On the Couch with SeaMonster
This bush became important to me. It was a way of becoming me. It allowed me to ask myself questions. Why don’t people like my hair? Why do they ask me what I am going to do with my hair? Why do they stare at me? Why do strangers come up to me, and laugh? I now became aware of the fact that me, brown and comfortable, eating an ice cream with kinky hair, was a revolution. I could no longer afford to pay for somebody else’s hair. I didn’t have time to deal with perms- why am I straightening my kinky hair so that I can curl it then tease some kink back in it? I met me, and liked me better.

It was different when I was just playing with hair, and having fun. Once I realized, I was inadvertently taking part in self-hate; I was mortified. Move over, because I am not ashamed of me anymore here is my confession. I do not have good hair, I am not mixed, trace my roots straight back to Africa; even my buckteeth are straight off the boat. My brown skin, big eyes, heart shaped lips, and nose could have swam over here never meeting a European along the way. My hair can stand straight up defying gravity; no, I did not cut my hair, it can coil out into the sun or shrink to my scalp at will. Each hair makes an individual decision; there is no collective. It was realizing that what are you mixed with means-only someone other than the despised Mother Africa can take credit for any beauty I displaced, so what is it? I am not an Indian; the only Indian on me was the hair I bought. Realizing that, what are you going to do with your hair means, aren’t you ashamed of yourself? Hide that you are African, and participate in being ashamed of what God made you like the rest of us. What ever I am is what I am.

One day I woke up wild and wooly, hair defying gravity so that it could showcase the rays of the sun. The warm glistening of the sun inflamed my scalp and I… The warmth stimulated my brain to open up a mystery. She allowed me to accept and love everyone, because I have learned to accept me. Each day I am growing into my wildest, shame free-self, redefining my self to who I always knew I was. On that day, I realized that my hair was only half as wild as me. ‘Wild women, we don’t worry…’ The part of me that was hidden from myself is being set free.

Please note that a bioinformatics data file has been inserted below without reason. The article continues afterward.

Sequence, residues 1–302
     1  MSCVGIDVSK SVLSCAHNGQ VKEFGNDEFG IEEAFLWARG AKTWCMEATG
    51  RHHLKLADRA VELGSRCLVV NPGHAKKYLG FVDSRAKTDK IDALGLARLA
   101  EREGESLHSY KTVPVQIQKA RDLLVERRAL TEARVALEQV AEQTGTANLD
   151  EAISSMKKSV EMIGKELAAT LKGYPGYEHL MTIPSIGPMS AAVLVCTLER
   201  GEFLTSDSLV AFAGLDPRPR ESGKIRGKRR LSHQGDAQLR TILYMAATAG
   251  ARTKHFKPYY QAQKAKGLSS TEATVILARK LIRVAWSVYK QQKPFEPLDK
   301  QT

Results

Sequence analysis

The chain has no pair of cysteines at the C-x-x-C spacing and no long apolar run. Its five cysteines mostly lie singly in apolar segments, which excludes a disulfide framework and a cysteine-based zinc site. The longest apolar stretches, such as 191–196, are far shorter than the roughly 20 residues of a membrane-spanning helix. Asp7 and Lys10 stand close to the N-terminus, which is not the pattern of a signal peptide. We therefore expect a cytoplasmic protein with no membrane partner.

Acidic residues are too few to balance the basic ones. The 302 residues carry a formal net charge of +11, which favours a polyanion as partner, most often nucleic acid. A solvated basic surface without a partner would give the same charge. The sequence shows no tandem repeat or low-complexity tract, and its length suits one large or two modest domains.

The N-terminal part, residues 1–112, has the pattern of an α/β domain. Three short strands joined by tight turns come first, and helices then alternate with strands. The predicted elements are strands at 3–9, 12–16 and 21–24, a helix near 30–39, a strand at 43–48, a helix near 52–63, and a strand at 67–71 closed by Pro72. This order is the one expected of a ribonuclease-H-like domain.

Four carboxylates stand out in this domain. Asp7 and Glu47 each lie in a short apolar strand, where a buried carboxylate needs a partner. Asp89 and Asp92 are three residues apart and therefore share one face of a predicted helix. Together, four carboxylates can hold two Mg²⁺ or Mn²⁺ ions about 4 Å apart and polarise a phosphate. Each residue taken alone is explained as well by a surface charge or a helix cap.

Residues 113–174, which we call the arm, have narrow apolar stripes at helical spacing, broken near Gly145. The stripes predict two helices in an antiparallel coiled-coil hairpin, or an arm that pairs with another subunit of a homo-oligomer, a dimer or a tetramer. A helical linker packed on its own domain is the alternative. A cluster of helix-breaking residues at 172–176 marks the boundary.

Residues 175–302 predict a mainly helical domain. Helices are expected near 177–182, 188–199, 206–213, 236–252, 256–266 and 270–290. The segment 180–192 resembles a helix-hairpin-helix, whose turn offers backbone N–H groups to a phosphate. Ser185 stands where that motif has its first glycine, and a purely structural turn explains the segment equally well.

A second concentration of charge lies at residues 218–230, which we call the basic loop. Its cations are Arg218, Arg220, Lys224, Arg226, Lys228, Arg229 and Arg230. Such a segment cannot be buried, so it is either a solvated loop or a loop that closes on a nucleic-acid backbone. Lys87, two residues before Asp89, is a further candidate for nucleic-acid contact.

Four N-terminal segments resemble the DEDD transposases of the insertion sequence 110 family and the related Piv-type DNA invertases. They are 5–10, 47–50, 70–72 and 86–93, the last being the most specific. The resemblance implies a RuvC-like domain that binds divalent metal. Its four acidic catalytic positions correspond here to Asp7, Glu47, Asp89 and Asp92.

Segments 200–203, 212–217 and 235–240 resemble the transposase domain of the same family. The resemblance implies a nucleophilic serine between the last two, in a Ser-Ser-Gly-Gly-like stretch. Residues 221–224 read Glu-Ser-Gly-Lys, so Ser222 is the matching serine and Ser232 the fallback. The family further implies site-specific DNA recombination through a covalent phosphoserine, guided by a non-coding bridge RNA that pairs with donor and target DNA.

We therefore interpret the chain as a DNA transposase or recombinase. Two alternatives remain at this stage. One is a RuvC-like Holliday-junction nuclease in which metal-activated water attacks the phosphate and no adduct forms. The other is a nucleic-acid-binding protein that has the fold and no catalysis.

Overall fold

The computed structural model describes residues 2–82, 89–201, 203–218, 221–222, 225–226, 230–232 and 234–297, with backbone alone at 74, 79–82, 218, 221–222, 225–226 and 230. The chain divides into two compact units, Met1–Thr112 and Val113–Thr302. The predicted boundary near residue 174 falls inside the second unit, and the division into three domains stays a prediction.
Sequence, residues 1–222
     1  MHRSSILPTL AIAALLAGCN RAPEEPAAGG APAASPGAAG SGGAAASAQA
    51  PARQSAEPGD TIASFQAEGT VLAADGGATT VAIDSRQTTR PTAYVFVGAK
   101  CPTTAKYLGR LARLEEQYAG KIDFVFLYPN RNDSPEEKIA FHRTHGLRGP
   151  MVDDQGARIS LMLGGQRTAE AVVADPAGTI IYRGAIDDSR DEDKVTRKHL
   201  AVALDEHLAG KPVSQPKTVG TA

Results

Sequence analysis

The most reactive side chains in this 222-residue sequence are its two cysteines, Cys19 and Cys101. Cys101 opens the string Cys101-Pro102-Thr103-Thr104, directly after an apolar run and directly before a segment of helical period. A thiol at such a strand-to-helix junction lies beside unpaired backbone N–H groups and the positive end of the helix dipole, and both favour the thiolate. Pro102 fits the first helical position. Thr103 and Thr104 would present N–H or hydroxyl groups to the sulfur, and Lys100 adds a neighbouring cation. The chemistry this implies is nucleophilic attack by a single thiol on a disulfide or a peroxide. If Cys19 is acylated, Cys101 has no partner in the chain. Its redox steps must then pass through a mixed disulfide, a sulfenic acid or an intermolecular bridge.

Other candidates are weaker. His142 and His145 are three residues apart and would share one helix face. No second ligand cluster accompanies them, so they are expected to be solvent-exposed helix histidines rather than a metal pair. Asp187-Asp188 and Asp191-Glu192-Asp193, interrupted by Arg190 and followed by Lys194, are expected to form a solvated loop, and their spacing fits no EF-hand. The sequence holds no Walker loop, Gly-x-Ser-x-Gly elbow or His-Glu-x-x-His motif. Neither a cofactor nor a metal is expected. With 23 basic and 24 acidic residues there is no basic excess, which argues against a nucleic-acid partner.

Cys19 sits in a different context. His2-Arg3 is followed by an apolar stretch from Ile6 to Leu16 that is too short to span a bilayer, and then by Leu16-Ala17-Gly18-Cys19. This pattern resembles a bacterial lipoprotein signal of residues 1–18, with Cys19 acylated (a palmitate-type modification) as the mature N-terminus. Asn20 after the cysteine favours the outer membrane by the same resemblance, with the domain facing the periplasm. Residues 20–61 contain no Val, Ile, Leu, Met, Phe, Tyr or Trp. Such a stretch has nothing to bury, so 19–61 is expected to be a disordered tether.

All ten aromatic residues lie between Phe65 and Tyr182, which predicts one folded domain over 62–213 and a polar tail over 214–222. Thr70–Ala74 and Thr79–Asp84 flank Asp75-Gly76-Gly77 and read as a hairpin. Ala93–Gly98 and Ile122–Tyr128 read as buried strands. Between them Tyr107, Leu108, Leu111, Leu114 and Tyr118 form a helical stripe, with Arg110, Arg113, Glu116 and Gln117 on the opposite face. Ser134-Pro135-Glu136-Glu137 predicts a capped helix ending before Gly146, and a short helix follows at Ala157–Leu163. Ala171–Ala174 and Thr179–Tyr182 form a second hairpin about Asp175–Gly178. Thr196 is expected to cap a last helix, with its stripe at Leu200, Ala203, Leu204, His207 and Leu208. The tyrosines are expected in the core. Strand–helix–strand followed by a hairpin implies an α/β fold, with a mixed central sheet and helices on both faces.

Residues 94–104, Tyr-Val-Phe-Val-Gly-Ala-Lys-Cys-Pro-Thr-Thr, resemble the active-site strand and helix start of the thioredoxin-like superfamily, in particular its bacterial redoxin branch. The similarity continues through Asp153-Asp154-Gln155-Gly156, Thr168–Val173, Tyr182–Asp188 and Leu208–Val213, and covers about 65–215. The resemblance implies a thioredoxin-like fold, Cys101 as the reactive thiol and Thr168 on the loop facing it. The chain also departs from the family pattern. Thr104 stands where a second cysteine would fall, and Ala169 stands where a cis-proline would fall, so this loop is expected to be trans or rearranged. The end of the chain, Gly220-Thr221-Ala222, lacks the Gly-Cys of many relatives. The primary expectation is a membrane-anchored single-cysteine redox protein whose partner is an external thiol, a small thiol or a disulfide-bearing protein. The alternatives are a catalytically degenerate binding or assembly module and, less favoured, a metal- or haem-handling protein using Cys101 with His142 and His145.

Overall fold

It was the whispers, stares, laughs, and taunts that made me natural. It was realizing that waking up in the morning, washing my hair, taking a swim, and going to work is considered a revolution. Since being a revolution is so natural for me, I relish doing it. Being born with kinky hair forced me to deal with being a woman, I started to notice what some of my wavy/straight sisters were putting up with-breast size, weight, figure, and plastic surgery shame. One revolution will cure you from unnecessary battles. Imagine being born a revolution! No need to fight or have a cause, just stay alive, and it is a revolution. Think about that.

22 Comments

  • Anonymous says:

    really nice ma shaAllah

  • Anonymous says:

    "It was realizing that what are you mixed with means-only someone other than the despised Mother Africa can take credit for any beauty I displaced…" I love this comment